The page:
For a long time, I bought organic meat and veggies whenever possible. I really did think what I was buying was superior to items not labelled organic. Then, suddenly, it wasn’t. Suddenly a lot of organic meat was nearly spoiled, or already spoiling, by the time I got it. The veggies were already wilting, yellowing and showing signs of decay. What had changed?
I don’t know, but my guess would be one of two things: either corporate farming got in on the “organic” label once they saw profit in it, and they’ve wrecked it like they wreck everything they touch, or organic products aren’t being transported and put on shelves quickly enough to avoid spoiling. In either case, this problem could be local to my area, but it’s just an example of how buying “organic” doesn’t automatically mean you’re getting good quality food.
Organic and health
Organic does not mean the food is low fat, low carb, low sugar or low calorie, or higher in nutrition. It just means the food has been exposed to less harmful toxins than other foods and will therefore expose you to less toxins. Not all organic food is “health food.” It will not help you lose or gain weight, or eliminate the need to follow a doctor-advised diet for diabetes, high blood pressure or any other health concern. Nor does organic mean it’s free of allergens – people can be allergic or sensitive to pretty much any food, including foods which are nutritious and good for everyone else.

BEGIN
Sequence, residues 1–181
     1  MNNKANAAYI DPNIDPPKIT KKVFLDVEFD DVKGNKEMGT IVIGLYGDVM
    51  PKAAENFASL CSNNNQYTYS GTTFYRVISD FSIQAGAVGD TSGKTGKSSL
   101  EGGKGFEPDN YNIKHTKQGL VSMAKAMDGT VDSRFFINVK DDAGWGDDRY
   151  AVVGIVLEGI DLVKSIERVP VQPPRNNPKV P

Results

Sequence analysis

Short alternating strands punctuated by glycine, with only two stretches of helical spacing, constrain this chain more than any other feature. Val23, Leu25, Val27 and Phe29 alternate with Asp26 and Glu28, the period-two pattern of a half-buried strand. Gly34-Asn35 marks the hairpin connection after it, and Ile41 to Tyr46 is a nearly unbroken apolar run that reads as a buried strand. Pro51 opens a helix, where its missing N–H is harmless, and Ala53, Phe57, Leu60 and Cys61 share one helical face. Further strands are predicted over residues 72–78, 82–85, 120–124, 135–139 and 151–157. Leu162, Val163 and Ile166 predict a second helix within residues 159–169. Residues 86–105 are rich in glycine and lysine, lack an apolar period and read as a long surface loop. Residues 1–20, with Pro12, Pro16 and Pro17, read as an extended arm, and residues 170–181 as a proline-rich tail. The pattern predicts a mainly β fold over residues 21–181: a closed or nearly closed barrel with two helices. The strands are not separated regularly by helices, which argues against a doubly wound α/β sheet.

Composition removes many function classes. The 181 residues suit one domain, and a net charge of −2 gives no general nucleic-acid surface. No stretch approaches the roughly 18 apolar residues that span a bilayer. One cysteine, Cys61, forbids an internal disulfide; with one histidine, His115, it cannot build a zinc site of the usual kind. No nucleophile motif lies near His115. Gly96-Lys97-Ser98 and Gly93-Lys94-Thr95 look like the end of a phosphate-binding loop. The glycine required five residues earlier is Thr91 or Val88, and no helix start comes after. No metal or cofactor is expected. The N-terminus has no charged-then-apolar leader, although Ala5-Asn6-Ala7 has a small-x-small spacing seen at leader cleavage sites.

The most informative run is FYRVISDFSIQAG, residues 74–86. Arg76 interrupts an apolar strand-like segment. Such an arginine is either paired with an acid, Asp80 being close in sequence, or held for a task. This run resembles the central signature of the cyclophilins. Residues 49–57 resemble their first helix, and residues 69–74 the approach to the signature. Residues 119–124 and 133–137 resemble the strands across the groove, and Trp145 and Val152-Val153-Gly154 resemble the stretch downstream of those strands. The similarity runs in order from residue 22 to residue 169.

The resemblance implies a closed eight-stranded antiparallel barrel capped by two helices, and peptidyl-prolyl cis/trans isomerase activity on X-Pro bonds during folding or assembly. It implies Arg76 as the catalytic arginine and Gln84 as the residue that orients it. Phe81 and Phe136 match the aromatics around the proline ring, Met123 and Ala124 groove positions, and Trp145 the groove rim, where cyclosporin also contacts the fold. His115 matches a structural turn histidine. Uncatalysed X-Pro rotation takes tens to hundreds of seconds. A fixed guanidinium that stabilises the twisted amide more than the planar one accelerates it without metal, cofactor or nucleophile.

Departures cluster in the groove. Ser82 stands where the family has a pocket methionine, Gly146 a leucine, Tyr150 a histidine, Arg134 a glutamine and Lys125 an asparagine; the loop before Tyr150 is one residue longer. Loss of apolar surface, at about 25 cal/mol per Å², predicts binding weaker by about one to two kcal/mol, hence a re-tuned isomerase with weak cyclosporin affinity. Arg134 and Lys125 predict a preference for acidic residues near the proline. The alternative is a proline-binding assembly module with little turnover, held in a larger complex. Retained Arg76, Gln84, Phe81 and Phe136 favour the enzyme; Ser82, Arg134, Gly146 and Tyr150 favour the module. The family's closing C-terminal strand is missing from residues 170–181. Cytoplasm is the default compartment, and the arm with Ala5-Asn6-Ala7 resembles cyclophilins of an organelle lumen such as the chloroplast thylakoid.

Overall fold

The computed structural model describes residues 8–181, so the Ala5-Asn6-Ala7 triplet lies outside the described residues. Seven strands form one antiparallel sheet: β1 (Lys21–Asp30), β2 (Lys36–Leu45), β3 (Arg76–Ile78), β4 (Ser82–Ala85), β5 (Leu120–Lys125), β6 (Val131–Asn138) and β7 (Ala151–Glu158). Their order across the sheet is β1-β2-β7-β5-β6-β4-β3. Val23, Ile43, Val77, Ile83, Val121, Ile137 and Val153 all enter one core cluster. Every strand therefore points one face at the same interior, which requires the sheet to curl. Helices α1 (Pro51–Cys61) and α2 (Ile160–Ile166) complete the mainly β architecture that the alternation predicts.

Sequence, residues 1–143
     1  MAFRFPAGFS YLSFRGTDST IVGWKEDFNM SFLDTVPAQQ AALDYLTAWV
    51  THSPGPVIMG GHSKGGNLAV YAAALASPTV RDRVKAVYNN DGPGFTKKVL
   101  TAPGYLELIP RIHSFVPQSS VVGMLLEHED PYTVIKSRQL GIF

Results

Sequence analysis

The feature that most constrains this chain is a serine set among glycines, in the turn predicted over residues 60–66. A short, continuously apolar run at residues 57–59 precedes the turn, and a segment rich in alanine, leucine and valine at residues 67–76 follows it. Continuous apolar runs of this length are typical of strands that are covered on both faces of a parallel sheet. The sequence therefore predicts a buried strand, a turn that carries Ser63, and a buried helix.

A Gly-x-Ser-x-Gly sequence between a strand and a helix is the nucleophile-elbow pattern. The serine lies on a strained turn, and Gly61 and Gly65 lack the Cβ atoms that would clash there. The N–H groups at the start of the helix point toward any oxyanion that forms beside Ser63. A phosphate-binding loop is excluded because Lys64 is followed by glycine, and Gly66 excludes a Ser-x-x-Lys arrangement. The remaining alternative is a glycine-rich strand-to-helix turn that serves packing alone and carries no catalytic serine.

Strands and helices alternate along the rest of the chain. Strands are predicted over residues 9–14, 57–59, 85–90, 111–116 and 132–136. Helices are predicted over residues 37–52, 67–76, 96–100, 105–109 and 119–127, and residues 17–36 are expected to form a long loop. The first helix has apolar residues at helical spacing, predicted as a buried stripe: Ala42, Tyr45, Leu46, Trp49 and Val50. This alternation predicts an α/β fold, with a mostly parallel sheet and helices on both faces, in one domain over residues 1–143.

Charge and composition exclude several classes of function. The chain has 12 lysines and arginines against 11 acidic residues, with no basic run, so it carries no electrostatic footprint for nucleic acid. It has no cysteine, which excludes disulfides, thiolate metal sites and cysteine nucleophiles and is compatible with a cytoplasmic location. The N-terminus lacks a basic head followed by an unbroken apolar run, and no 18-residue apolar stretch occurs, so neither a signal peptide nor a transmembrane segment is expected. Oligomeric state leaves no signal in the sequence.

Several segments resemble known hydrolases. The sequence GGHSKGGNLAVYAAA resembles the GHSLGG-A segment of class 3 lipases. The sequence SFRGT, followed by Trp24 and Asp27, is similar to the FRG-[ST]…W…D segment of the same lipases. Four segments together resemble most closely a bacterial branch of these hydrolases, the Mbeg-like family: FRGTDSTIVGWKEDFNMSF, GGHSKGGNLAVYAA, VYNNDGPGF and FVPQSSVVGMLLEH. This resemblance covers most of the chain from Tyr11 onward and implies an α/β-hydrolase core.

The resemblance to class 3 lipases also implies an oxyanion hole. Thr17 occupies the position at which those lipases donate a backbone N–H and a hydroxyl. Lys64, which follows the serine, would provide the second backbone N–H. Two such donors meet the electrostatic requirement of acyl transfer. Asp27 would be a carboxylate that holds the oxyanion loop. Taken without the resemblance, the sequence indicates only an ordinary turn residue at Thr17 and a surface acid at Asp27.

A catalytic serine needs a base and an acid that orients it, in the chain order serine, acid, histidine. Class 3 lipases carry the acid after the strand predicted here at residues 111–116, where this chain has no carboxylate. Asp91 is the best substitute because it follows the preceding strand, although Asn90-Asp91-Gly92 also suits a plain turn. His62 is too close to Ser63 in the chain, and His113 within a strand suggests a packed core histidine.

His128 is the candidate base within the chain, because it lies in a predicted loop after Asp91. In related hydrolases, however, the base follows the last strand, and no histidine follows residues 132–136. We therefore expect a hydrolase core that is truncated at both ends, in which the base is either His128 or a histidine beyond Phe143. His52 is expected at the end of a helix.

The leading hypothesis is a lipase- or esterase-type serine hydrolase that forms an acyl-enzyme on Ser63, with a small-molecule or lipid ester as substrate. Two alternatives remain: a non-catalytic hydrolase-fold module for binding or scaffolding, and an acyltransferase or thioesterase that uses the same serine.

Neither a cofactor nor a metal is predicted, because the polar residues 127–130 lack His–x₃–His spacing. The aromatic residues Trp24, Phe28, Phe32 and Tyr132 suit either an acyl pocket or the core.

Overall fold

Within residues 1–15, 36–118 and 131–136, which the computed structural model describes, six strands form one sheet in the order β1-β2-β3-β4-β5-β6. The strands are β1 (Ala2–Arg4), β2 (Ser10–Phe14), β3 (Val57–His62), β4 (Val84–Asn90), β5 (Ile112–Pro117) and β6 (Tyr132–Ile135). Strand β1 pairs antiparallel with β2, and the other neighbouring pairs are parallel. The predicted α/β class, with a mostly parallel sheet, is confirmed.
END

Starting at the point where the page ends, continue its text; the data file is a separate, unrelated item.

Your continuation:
Organic and genetically engineered
Foods with the organic label should be GMO-free according to USDA regulations. It is possible for some GMO ingredients to “sneak in” as crop seed blows around or organic farmers unknowingly give their animals feed that has some GMOs.
All food at the farmer’s market is organic, right?
Goodness, no! Farmer’s markets are a great source of organic foods and produce, and in my experience most of their product is organic. But small farms can use pesticides and sludge just like the big boys, so if it’s not certified organic, you have to assume it’s not. All-natural does not mean organic. Hand-picked does not mean organic. Neither do pesticide-free or no antibiotics. Those mean the farmer is using some organic procedures, but not enough to get certified organic. However, this may be acceptable to you, especially if your only other option is to corporate farmed food.
It’s amazing how much work is involved in getting hold of traditional food these days – the only kind of food our grandparents and great-grandparents knew. It’s also a pity how determined corporate farming is to keep us from having simple labels that make informed choices easy. You kind of have to wonder how much lower our food costs could be if corporate farming wasn’t spending so much on lobbying politicians!
So should you buy organic or not? Organic is partly a good thing, but it’s also become a marketing gimmick. Sometimes you may decide the “non-GMO”, “free-range”, “grass fed” or “no hormones or antibiotics” labels are more important to you, especially if you’re on a tight budget and the organic option is too expensive for you. We can only hope food labeling will be refined as time goes on, making it easier for us to make the best choices for our health and our wallets.